Another inspiring point the President made in his inaugural speech was that what is emerging in Ireland is the first post-consumer generation, one that is turning its back on consumerism and that rejects it. Such consumerism has manifested itself in the growth in the use of plastic. We are very behind the curve as legislators in this regard, yet there is a huge appetite among the younger generation for innovative and drastic measures to be taken. They are ready to do it. They are prepared to consume less in order to play their part for the planet but as legislators, we are eons behind where they want us to be. That reflects itself in those tough decisions that must be taken regarding carbon tax and the equalisation of diesel and petrol prices.

I will refer to the subject of Dublin, an area for which I am spokesperson.

When Dublin Chamber which represents 300,000 employees and multiple companies carries out opinion surveys of employees, the top three issues tend to be housing - not homelessness because they tend to be employees who, by and large, have reasonable and attractive incomes - rental costs and transport and traffic congestion. The House leaves far too much to quangos such as the National Transport Authority to promulgate policy. Somebody has to have the balls politically to lead on this issue which has manifested itself, in particular, in BusConnects where the cart has been put before the horse. The NTA published the routes before it actually published the infrastructure which it hopes will carry these routes or spines. The publication of the reports is imminent.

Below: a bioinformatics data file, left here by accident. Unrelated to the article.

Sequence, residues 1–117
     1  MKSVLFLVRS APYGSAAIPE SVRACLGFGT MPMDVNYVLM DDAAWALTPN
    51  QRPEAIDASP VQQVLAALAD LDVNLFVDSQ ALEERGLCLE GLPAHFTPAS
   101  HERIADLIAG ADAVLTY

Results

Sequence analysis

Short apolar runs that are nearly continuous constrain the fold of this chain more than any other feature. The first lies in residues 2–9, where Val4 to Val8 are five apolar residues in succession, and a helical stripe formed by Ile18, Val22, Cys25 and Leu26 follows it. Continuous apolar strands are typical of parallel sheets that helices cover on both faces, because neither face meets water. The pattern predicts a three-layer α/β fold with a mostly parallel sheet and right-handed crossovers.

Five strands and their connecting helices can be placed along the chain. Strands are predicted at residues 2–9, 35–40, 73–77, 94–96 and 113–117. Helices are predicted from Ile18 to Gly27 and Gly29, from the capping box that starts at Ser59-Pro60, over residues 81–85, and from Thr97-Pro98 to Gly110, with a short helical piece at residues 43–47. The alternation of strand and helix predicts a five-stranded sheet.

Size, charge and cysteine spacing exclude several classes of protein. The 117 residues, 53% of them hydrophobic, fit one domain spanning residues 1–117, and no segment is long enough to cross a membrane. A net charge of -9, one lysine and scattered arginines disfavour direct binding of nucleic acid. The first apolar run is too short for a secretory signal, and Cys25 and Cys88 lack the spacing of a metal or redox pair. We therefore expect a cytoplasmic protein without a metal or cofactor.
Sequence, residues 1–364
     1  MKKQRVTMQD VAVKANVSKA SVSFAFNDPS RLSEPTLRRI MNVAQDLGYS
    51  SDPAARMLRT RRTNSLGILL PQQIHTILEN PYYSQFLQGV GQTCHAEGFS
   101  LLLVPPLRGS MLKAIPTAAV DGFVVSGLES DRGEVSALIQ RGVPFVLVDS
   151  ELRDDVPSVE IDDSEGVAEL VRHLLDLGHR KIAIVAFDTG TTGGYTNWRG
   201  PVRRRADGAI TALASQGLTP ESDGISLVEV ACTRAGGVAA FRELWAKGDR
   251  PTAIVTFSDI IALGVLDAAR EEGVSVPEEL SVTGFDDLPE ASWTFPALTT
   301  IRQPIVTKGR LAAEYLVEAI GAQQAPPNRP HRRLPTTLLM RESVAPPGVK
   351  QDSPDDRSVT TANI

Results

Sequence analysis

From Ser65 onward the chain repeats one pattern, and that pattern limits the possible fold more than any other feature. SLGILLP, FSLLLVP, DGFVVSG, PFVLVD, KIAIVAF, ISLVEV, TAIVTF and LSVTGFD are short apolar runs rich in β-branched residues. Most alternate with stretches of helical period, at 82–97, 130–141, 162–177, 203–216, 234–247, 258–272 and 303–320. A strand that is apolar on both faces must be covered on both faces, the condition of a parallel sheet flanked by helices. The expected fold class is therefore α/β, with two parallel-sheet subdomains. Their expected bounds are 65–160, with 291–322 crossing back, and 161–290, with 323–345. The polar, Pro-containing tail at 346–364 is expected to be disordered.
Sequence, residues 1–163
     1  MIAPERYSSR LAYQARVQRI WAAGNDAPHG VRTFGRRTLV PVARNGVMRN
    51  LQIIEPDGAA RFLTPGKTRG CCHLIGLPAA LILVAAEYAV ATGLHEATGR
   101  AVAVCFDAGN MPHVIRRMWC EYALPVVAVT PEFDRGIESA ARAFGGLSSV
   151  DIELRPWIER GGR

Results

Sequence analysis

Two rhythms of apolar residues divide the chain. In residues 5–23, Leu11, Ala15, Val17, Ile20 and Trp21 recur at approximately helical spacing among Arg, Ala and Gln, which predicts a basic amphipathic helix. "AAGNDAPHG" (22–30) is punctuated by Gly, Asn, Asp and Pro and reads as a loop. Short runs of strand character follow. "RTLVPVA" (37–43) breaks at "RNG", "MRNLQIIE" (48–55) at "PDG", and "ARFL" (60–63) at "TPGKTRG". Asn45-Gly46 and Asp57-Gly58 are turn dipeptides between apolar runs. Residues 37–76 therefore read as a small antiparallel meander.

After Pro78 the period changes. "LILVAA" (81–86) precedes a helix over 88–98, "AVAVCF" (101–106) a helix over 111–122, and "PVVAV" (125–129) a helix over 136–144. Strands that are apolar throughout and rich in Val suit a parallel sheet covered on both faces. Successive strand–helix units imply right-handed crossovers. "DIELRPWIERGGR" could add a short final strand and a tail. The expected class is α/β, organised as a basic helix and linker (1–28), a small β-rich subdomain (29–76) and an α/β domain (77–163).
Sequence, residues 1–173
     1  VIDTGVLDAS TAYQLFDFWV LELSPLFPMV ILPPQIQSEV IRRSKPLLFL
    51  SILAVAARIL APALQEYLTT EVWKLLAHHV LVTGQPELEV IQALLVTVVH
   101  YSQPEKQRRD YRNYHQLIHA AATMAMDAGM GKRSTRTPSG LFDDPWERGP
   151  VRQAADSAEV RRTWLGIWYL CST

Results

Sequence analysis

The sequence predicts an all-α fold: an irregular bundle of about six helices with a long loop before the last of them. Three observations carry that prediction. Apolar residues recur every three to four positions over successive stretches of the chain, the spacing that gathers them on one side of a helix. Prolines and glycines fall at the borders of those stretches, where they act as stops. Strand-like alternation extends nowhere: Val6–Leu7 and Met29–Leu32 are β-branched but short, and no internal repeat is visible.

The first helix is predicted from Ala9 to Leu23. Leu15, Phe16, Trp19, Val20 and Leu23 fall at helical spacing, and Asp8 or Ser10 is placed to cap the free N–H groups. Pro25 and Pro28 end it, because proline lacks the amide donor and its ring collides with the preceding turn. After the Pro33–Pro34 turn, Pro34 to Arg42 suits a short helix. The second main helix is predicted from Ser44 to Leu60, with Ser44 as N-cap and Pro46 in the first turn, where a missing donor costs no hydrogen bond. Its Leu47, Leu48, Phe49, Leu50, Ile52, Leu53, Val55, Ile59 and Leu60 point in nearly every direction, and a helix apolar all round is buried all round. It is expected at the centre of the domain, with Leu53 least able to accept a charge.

One of the problems with the Luas is that everybody wants a Luas line in his or her area. Clearly, we cannot afford to do that. The next best thing is segregated bus routes, with park and ride and other proper facilities. However, no politician has led on the issue by saying Dublin city will come to a standstill unless we make dramatic decisions. No politician has said we will end up having to charge people to cross the canal cordon or ban traffic in the city centre if we do not take dramatic steps now. It has been left to a Government agency because nobody seems to have the courage to say this will be difficult and challenging. Nobody seems to be willing to guarantee, if given the time, the putting in of a transport corridor such as the Luas but on rubber wheels that would be attractive and provide seamless and untrammelled journeys, with zero obstacles. In such a corridor it would not matter if one got on a bus at 7 a.m. or 11 p.m. because the travel time would be exactly the same.